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Your first... critical incident analysis

Dr Stefan Cembrowicz advises on the process of learning lessons and making changes when something has gone wrong

Dr Stefan Cembrowicz advises on the process of learning lessons and making changes when something has gone wrong

Critical incident analysis was defined by Professor Mike Pringle, then RCGP president, in 1995 as 'individual episodes in which there has been a significant occurrence (either beneficial or deleterious) which are analysed in a systematic and detailed way to ascertain what can be learned about the overall quality of care and to indicate changes that might lead to future improvements'.

In today's climate of reflective practice committed to quality improvement, it is important to review situations where clinical events have not gone as well as they could have. This could be a minor problem – such as Professor Pringle's original example of out-of-date aspirin in his doctor's bag – or serious circumstances surrounding a patient's death. Your write-up may be brief or lengthy but the process is the same. Significant event audits (SEAs) use a similar approach but can be used after successful incidents. (The NHS is weak at celebrating its successes.)Critical incident analysis values people, and to be effective comes from a team. When done well it encourages openness, aims to improve systems rather than blame individuals. And it is a way in which doctors can demonstrate team leadership.

How to start

• Make notes of observations and facts at the time of the incident, and develop them later as events crystallise.

• Comment on your own feelings and responses at the time and just after the incident.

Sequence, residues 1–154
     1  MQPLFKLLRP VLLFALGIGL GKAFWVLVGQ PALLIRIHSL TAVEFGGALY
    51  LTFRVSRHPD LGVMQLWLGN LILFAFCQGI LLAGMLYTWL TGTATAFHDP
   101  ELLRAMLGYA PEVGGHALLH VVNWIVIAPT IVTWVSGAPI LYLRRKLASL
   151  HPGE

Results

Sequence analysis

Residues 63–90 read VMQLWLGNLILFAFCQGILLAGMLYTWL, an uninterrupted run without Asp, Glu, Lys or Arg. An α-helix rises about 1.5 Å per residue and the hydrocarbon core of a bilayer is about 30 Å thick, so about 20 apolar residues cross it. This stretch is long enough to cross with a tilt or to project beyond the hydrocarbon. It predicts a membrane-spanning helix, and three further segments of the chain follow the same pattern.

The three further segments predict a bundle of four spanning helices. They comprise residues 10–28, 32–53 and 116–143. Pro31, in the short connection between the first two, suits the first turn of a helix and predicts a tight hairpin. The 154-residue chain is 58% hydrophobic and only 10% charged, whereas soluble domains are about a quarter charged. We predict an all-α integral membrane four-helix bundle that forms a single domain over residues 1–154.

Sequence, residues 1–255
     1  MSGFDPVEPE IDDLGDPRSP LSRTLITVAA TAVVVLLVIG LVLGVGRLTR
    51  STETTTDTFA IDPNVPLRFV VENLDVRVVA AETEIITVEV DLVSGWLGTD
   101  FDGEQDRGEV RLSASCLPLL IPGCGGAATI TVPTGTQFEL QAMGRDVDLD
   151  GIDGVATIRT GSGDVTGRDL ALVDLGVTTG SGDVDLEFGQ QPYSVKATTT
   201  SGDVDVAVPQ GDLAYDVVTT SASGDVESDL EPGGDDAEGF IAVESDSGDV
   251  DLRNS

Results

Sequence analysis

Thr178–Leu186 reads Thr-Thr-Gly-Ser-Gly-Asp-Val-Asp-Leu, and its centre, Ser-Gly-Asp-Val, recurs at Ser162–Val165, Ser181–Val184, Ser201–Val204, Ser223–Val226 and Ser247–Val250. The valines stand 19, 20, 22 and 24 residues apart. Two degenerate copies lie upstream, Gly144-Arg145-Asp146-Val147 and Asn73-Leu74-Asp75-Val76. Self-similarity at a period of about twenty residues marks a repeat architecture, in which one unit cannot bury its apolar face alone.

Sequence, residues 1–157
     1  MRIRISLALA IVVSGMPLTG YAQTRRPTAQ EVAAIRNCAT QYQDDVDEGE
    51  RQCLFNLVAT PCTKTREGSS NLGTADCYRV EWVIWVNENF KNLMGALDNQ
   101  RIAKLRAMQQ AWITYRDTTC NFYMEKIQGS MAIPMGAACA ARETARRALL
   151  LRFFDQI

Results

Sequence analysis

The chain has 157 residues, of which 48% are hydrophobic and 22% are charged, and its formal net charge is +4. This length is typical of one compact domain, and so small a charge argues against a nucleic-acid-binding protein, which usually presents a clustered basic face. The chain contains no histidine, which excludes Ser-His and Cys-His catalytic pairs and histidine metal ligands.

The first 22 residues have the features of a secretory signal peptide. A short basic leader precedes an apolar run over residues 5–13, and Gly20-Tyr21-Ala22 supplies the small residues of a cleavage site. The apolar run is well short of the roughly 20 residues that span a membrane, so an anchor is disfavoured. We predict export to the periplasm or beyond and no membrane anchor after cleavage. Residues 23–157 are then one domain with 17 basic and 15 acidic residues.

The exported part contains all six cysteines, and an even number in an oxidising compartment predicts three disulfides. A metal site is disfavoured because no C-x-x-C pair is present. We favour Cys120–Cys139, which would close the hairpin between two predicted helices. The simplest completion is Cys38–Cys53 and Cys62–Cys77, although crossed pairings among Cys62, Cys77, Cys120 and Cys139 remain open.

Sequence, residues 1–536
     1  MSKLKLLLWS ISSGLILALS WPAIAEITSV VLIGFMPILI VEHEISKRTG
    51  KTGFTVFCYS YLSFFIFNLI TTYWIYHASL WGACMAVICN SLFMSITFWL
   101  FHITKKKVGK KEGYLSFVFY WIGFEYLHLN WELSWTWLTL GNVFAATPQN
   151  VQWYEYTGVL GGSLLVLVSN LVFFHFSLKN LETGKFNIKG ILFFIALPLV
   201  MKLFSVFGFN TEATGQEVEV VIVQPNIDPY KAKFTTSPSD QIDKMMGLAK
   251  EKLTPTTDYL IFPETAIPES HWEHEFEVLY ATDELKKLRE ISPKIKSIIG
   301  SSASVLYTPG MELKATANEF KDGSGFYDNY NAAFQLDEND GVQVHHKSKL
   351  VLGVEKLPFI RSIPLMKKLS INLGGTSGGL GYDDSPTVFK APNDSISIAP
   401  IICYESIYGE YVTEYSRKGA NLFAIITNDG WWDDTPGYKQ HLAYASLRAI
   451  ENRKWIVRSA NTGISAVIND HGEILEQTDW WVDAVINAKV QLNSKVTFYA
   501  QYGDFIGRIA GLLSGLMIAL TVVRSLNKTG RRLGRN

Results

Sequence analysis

• Consider if another person's point of view might interpret this event differently.

• Talk it through with colleagues. Focus on system improvement, not individuals.

• Concentrate on the 'no blame' approach.


• What significant factors were involved (systematic or individual)?

• What have you learned from this – about colleagues and about yourself?

• What changes can be made?

• How would you do this better next time?

Writing up outcome

The write-up does not have to be lengthy – one page will suffice. It is likely to include:

• any immediate actions needed

• unresolved issues – an opportunity for further quality improvement

• plaudits – compliment those who did well during the event

Maybe no action will have been taken – though colleagues will have benefited from airing their views.

What to do with your findings

Network with a colleague and present your review to your primary care team – having agreed beforehand on confidentiality and anonymity. This approach should be implicit in the culture of your team, as a method of continuous quality improvement and as part of regular team meetings.

Critical incident analysis helps you not only reflect on how you work but also demonstrate reflective practice as part of your own lifetime learning. Record it in your learning portfolio and plan to repeat the exercise in the future.

Analyses are more thought-provoking and more likely to induce change than most audits, as they are based on real events where something has not gone well. When something goes wrong in healthcare it can be quite shocking. Using the model of routine systematic incident analysis will help improve the quality of the system quickly, to prevent similar events next time around.

Dr Stefan Cembrowicz is a GP trainer in Bristol

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